If that?s the case, a super-cheap SpaceX mission to Mars would begin with the crew vehicle launching atop a large, reusable rocket system. It would cruise to Mars, probably with some kind of larger crew compartment for the ride. Meanwhile, a second rocket blasts off sending a module packed with fuel and supplies on a longer trajectory to Mars. After the crewed mission is complete and about to head home, it meets up with the second unmanned craft and restocks.

While this is just my personal conjecture, it?s not without precedent. For instance, NASA has already begun to recognize the importance of space-bound fuel depots as a way to cut costs by lowering the weight that needs to be blasted off from Earth. In their 2013 budget projections, the space agency made development of ?Cryogenic Propellant Storage and Transfer? a priority. From the NASA budgetary document:

The Cryogenic Propellant Storage and Transfer demonstration mission will conduct ground tests of the critical technologies required to enable long-term storage and handling of cryogenic fluids in space in preparation for a flight demonstration.
A NASA webpage on the project ? which may be outdated ? mentions a 2016 timeframe for the launch of a demonstrator project.

We?ll have to wait for Musk and his team at SpaceX to announce how they plan to get to Mars on the cheap, but it?s clear that despite some hiccups in the SpaceX mission to the International Space Station, Musk is still dreaming big.

Two years later:

http://www.dailymail.co.uk/sciencet...s-colony-2020-plans-sell-tickets-500-000.html

People who dream of visiting far flung planets have six years to get saving for a trip to Mars.
Billionaire Elon Musk, has announced his SpaceX firm is making ?progress? towards establishing a colony on the red planet by 2020, and expects to sell tickets for $500,000 (?296,900) a trip.
The comments were made following SpaceX?s successful rocket tests in April.

Elon Musk has previously said he created SpaceX for the sole reason of developing rocket technology to get people to Mars.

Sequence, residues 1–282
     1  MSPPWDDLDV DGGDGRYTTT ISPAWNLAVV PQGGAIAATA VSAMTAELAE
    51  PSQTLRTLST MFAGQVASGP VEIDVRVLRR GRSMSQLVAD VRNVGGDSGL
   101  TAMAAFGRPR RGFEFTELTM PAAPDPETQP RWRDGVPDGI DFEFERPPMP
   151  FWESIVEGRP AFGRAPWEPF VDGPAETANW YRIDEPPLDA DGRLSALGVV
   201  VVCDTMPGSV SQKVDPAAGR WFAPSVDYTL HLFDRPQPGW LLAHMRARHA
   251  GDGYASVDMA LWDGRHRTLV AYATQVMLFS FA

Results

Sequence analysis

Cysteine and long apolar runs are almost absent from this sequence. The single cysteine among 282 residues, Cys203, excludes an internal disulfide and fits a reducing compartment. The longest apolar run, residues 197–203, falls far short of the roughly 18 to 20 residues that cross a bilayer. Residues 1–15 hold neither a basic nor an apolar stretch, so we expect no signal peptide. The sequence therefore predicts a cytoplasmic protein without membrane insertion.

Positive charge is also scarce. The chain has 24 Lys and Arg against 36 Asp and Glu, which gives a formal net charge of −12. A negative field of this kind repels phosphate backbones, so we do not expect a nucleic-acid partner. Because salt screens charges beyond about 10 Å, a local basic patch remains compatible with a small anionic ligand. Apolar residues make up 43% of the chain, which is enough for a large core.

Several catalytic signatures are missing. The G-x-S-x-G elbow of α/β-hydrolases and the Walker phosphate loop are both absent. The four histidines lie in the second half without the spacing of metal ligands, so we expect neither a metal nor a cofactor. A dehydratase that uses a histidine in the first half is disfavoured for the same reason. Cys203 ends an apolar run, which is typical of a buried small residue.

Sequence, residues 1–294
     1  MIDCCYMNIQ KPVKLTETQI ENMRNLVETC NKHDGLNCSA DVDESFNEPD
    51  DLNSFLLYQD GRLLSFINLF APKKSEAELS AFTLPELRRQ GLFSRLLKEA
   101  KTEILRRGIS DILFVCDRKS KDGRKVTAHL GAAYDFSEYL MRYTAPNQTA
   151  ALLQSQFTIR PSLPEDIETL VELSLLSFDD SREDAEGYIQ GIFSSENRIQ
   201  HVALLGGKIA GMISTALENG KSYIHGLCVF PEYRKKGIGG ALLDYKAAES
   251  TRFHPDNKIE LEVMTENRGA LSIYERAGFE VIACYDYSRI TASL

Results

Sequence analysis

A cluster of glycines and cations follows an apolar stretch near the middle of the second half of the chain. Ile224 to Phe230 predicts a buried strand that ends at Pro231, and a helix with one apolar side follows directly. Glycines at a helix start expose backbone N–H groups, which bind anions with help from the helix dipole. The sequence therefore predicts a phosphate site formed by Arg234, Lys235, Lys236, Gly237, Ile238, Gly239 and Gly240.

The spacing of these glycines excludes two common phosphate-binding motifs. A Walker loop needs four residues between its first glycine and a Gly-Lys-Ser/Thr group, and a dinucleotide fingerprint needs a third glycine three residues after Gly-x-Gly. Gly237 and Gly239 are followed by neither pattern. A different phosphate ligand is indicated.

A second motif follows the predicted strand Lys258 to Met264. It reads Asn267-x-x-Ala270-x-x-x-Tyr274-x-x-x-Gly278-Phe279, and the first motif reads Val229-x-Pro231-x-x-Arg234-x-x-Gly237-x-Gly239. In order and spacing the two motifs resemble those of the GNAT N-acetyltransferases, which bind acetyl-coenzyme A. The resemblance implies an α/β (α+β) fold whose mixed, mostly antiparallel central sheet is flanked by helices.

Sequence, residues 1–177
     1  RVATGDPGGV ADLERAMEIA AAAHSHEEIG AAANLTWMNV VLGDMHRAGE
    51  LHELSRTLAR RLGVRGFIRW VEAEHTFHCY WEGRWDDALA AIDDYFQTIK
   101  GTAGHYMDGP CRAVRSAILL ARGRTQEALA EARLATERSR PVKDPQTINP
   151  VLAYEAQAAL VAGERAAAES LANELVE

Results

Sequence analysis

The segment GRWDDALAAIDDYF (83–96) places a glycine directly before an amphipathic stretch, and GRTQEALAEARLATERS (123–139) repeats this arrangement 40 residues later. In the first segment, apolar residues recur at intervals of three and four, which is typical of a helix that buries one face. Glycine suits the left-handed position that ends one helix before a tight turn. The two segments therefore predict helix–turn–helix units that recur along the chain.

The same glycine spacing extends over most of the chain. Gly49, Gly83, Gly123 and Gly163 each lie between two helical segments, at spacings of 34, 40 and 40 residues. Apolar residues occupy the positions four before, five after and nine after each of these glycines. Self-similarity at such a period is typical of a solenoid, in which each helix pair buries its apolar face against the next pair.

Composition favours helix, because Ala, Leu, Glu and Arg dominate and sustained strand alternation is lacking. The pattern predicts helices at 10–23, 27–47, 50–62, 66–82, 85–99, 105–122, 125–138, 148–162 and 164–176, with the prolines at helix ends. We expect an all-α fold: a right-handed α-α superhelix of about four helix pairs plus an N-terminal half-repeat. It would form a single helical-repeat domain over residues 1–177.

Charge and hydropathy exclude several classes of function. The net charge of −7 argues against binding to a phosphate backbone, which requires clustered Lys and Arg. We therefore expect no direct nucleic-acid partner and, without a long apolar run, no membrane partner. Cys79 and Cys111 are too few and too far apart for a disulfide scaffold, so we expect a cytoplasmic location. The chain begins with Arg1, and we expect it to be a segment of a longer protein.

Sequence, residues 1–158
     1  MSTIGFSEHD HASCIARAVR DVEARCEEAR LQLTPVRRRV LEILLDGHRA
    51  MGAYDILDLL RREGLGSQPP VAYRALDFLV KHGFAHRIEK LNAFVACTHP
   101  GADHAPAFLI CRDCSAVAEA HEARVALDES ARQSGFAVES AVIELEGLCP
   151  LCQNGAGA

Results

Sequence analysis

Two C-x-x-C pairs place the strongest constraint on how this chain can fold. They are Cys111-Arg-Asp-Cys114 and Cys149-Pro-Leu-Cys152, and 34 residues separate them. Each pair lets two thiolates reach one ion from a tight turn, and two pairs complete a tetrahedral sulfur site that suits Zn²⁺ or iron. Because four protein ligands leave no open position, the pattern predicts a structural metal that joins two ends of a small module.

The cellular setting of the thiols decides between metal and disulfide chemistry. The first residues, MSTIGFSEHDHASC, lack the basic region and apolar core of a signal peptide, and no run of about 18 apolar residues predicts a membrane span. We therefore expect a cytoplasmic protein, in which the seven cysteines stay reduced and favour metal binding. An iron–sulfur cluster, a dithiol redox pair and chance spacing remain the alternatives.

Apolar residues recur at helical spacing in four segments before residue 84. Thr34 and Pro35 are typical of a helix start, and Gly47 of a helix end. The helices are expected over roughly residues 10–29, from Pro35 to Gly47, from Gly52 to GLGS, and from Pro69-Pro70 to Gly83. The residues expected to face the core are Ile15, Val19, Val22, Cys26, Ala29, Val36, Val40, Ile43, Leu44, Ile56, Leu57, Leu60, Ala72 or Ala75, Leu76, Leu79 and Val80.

He wants to help establish a colony of up to 80,000 people on the planet, but admitted he?d like to start small, with a group of 10 people, and build the colony from there.
?At Mars, you can start a self-sustaining civilisation and grow it into something really big,? Musk said.
?I think we're making some progress in that direction - not as fast as I'd like.?
Musk was speaking to an audience at the Royal Aeronautical Society in London.
In April, SpaceX carried out a successful rocket test during which the firm launched a two-stage Falcon 9 rocket from Florida, after suffering three previous delays.*
The rocket is reusable and it crashed into a target in the Atlantic Ocean shortly after the Dragon capsule delivered supplies to the International Space Station (ISS).

SpaceX has a $1.6bn contract with Nasa for a series of future supply missions and this will be used to test his technology further.
Musk ultimately plans to use a reusable rocket fuelled by liquid oxygen and methane to reach the red planet - and he aims to get there three years before the Mars One colony arrive.*
Mars One was set up by Dutch entrepreneur Bas Lansdorp who plans to take 40 people to the planet with training starting in 2018, and the first passengers arriving in 2023.
Lansdorp is offering tickets to applicants, rather than selling them.
The ?4bn project is set to recoup its costs by selling the broadcasting rights to the mission - by comparison, Nasa's rover Curiosity cost ?1.8 billion.
 
I'm cheering him on then. I was pretty much resigned to the fact that I wouldn't see anyone on Mars in my lifetime?

Hope you are right.


See ya's.